As hard as it is to believe, I actually do have some friends in publishing, including some that I haven't slept with yet, although Marley isn't necessarily in that category (Hey, I don't kiss and tell, although I do nibble and tell). As I mentioned in my Blog Orgy post, I am going to post some stuff from other people in the industry who don't want a blog of their own, but want to vent now and then. Here is one of those posts:

Jesus fucking Christ, people! You call yourselves writers? Get this: If I have one more "writer" send me something that starts with description of the setting, I will go insane. I don't care what your freakin' English teachers taught you, and I don't care what made those same English teachers give you an "A." What I care about is not having 20,000 words of descriptive narrative blocking my view of the goddamn story. How hard is this to understand? I have given lectures on this I don't know how many times, and, still, Goober Writer will come up to me and hand me a piece of trash that begins something like, "...and the fall leaves glistened in the sunlight as the crisp autumn air surrounded Tom and Marge and the garbage truck made its way through the city." Can anyone tell me what the story is here? Anyone? I want to know about Tom and Marge. Are they fucking? Fighting? Placing bets on the next presidential fuckup? And don't give me that shit about how you are building suspense for the reader, and the reader will keep reading, blah, blah, blah. Know this: You are pissing off the reader! The reader keeps reading to find the story. If you are writer who has to bribe the reader with descriptive narrative and false suspense, then you don't have a goddamn story. Here you go if you want an example:

Bad: The willow outside Molly’s window blew softly in the breeze, and the smell of lilacs filled the spring air. Molly made her way across her room, being careful to not trip over the piles of books on her floor. She admired the pink curtains at her bay window, the ones that matched all the other pink things in her room—her bedspread, her walls, her pillows, her tiny portable telephone. She grabbed her new jewelry box, which she loved even though it wasn’t pink, and plopped down on the window to explore the wonderful gift from Aunt Gina.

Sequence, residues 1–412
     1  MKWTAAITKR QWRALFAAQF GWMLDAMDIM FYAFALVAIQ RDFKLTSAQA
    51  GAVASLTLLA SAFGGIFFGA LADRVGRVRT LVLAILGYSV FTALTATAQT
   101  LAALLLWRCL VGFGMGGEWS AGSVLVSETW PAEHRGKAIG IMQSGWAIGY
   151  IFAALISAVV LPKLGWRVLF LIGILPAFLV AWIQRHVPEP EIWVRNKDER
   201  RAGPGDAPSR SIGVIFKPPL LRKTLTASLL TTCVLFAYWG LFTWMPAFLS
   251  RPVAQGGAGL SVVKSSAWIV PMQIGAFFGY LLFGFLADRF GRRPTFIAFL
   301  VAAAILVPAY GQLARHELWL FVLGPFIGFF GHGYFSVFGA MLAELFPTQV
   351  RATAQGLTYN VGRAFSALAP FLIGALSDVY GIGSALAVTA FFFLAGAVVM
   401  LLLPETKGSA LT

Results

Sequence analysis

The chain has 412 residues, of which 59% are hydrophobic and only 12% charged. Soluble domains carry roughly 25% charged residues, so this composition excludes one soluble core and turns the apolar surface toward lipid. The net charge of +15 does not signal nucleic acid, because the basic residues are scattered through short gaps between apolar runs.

Good: Molly held her new jewelry box near her ear and listened. Yep, there was no mistaking it: Something was definitely rattling around in there. Molly frowned. What in the world could be wrong with the crazy thing? She’d only had it two days! Suddenly, as if in answer to her unspoken question, one of its legs dropped to the floor and out rolled the biggest, most glittery diamond Molly had ever seen.

Do you see the difference? If you don't, don't fucking query me. Okay, well you can't query me because you don't know who I am, so don't fucking query anyone until you figure it the fuck out.

Fuck it,
Marley

Spunky as hell, isn't she? Yeah, we did it. And after reading this, I am going to call her to see if she wants to do it again. God, I love those fiery women!

Wine, Women, and Writing

You know there is nothing like a great bottle of wine or sex or both in the afternoon. Good wine makes my blood boil and even a bad day seem fantastic with sex in the afternoon. Afternoon sex makes one think that they are getting away with something. It’s almost like cheating and many times afternoon sex is—cheating.

Why do writers write? Let’s see, writing is like wine, and sex, too. All three have beginnings, middles and ends but the question was, “Why do writers write?” right? Probably because it’s there—pencil and paper were available—I had time on my hands . . ? No, that’s not it. I think it has to do with recognition—our fear of obscurity, dying with nothing and never having been anybody. We want to be known after we’re gone, not just a name on a hunk of marble. We want to be loved by more than our lovers and our children.